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- 1 Downtime Skills
- 1.1 Overview
- 1.2 Downtime Skill Types
- 1.3 Starting Characters
- 1.4 Optional Rules
There are personas that we want in the world in which we adventure, and possibly even things that we wish for our characters to be or aspire to become in addition to heroes:
- Master weapon smith
- Prestigious planar sage
- Renowned concert lutist
- Iron chef
In default rules these are handled by various skills, but they just serve to round out a character’s history or personality. They can rarely be used outside of downtime between adventures, and even when they do open new paths or provide direction during an adventure it's almost always a bonus from roleplaying. Characters are expected to make disable device checks during an adventure in ways that they shouldn't expect to have to make craft (blacksmithing) or profession (chef) checks. So the skills that enable these options already start as less important than more traditional adventuring skills, and in many games they are passed over as a result. Players who focus on making the most effective characters tend to get these skills less often, and the genre is poorer for it.
In games where they are not passed over, they instead run across the rank cap problem. To become a master weapon smith or a renowned lutist you must first have the level required to support the ranks needed to hold those titles. But gaining these levels means that a master has also gained combat ability. This leads to sages with incredibly specialized knowledge that never need protection or bodyguards, master crafters who cannot be kidnapped and held against their will, and every exquisitely trained butler also knowing kung fu or some other combat art because they all must possess sufficient levels to support their ranks. Story characters are forced to gain power through levels that they might not otherwise need (or cheat with magic items), and the genre is poorer for it.
Tying downtime skills causes them to be ignored in games where adventuring is valued more strongly, and causes characters in more story drive games to acquire unnecessary levels in support of their downtime goals. Whether genre appropriate or not, these limitations are a straightforward reduction in the amount of stories that can be told and don’t offer us any new stories in exchange. By breaking these downtime skills away from character level or CR, we can have both 'helpless sage' and 'powerful sage' stories, both 'kidnapped master weapon smith' and 'barnstorming master weapon smith' stories as we need them for our games.
These downtime skills could just be hand-waved away or left for the players and DM to discuss at the table when they come up, and are in many games, but this is a pretty unsatisfying solution for a lot of players. These rules are intended to provide a framework for these skills outside of level based limitations. The rules below will help you determine what sort of downtime skills you can practice, how good you are at them, and how you can become proficient in new ones.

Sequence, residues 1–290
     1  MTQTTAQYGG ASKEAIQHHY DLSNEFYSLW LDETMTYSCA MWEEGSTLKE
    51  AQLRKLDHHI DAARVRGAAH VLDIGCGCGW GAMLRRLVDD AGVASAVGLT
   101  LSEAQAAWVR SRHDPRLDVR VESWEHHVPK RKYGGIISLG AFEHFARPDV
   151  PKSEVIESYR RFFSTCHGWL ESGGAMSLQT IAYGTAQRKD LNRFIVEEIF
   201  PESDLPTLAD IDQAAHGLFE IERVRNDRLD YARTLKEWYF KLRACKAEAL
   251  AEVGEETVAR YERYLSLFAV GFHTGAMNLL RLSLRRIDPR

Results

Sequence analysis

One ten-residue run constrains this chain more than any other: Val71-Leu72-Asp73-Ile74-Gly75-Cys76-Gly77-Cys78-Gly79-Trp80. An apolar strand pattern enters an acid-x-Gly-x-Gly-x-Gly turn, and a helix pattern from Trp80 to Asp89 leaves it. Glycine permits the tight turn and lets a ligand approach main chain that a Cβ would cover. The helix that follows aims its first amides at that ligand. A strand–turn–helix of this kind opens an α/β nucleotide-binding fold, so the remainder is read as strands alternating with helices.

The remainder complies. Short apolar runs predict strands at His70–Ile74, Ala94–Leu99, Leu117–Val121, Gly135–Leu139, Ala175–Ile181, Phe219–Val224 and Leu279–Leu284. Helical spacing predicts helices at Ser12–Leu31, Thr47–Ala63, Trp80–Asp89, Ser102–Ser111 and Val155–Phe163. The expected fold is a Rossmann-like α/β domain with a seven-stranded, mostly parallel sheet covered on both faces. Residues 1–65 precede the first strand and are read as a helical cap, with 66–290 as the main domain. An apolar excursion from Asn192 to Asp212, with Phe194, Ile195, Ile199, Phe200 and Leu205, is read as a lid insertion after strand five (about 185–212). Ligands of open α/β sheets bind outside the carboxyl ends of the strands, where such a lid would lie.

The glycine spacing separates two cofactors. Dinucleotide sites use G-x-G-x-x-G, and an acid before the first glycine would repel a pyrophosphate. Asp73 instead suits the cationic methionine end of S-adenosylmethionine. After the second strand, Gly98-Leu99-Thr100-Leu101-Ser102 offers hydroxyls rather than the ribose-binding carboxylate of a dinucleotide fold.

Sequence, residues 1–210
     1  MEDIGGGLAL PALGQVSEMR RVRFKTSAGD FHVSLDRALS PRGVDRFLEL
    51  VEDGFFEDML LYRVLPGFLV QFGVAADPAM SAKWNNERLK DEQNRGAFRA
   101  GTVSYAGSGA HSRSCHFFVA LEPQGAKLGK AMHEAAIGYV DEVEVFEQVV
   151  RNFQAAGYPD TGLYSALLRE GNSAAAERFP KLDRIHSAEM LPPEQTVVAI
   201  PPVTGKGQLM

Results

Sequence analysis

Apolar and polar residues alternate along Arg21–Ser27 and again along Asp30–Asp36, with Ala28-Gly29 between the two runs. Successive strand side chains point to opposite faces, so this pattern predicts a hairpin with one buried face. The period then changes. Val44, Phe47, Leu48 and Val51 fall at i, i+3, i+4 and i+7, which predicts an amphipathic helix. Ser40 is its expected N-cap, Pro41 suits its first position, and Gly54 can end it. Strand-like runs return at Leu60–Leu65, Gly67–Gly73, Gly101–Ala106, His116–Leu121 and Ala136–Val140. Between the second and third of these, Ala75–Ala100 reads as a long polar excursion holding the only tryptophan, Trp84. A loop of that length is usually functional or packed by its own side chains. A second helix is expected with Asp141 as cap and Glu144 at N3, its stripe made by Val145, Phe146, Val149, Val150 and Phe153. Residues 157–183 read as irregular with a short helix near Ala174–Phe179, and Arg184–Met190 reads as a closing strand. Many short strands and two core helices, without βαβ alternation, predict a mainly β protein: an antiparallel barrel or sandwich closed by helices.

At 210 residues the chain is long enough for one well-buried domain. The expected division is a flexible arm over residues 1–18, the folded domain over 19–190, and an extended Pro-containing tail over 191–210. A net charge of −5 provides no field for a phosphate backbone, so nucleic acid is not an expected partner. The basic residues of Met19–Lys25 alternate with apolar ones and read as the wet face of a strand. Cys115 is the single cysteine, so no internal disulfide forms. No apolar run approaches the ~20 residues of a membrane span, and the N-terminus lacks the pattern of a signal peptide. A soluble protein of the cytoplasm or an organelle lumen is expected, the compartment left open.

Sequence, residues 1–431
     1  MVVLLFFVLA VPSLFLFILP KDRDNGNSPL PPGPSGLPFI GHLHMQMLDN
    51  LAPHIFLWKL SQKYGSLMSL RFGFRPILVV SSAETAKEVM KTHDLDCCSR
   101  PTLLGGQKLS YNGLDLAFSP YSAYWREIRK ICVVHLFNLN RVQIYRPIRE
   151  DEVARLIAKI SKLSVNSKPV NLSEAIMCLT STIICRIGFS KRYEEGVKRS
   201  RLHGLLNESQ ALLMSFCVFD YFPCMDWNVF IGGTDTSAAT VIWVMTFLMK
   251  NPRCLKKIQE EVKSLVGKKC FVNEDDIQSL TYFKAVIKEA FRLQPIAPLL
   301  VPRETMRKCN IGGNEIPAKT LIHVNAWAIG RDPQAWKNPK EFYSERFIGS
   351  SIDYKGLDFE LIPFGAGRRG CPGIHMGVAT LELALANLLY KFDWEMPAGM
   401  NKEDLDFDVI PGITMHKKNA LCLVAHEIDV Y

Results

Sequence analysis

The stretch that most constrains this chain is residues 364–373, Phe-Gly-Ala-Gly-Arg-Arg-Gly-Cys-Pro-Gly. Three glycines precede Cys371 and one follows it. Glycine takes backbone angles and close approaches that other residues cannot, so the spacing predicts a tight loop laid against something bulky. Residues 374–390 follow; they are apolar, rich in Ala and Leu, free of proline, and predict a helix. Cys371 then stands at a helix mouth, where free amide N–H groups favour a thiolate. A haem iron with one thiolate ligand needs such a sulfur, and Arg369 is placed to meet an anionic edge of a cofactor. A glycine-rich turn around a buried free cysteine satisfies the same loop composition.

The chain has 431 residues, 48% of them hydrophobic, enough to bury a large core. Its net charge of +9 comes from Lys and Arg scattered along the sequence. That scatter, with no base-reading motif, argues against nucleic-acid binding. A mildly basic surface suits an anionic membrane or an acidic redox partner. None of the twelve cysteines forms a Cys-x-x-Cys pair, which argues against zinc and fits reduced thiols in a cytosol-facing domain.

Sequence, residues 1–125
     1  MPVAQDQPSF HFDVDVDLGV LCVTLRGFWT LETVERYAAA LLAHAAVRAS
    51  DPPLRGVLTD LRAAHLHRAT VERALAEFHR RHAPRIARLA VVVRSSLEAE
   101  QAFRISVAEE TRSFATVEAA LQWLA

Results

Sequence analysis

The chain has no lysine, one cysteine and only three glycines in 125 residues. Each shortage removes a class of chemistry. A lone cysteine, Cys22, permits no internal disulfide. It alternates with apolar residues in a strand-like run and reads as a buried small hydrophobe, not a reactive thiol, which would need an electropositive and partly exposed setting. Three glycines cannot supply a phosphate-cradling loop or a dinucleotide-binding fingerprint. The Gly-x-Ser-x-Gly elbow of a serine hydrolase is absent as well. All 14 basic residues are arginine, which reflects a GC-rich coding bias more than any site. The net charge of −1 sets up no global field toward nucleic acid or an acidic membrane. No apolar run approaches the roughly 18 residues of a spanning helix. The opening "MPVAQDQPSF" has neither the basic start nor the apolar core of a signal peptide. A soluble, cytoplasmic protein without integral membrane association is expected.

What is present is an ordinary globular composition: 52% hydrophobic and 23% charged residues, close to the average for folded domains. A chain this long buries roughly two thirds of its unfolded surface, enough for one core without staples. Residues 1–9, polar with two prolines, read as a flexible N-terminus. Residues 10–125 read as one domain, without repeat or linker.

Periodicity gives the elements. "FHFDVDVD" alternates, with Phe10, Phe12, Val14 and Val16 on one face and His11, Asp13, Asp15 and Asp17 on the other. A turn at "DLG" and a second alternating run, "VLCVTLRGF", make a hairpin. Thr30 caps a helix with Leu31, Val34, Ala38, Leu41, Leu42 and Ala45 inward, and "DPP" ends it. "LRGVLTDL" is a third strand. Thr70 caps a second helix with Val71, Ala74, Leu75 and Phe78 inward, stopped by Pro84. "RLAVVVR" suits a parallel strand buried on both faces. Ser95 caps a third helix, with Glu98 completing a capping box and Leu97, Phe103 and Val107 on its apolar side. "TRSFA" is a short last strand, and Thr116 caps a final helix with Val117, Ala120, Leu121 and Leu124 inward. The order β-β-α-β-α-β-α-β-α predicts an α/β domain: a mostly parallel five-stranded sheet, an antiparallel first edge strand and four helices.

All craft, profession, and perform skills are replaced with artisanal and occupational downtime skills. Characters may still put skill points into Knowledge (arcana), (dungeoneering), (local), (nature), (psionics), (religion), or (the planes) in order to identify creatures, but all other knowledge skills are replaced with studies downtime skills. Rules for how these changes interract with class features that depend on remove skills appear in the relevant sections.
Each downtime skill represents a particular type of time investment in a mundane task. For example, each of the studies represents an understanding of an academic subject, while each artisan downtime skill represents training in tools and the ability to create. Every downtime skill possessed by a character has a grade associated with it that indicates how well the character can perform it. This grade determines whether or not you need to make a check to complete a particular task, what your bonus on the check is, and how much more or less you can expect to earn should you work in the field during your downtime. The grade is generally advanced through the investment of downtime and an attribute check, though exceptions for higher leveled characters exist.
Any field in which you have no experience or training is one in which you are considered uninitiated. Because of the vast number of downtime skills, most creatures in the world are uninitiated in any given one and do not possess a grade. They have no training and very little experience with a profession, and often fail at any serious attempt. They may make checks for the downtime skill on a case by case basis as approved by the DM. These checks often come with a -5 penalty and take twice as long.
Grade I often goes by other names, including "apprentice" and "hobbyist", and represents an extremely minor level of training and ability in the field. This level of skill is not particularly impressive and can be acquired by most people with enough time on their hands, but it is actual familiarity in the downtime skill and shouldn't be discounted entirely. Creatures with this level of ability have some formal training or a fair amount of experience, but aren't consistent or skilled enough to be considered a full practitioner in their field.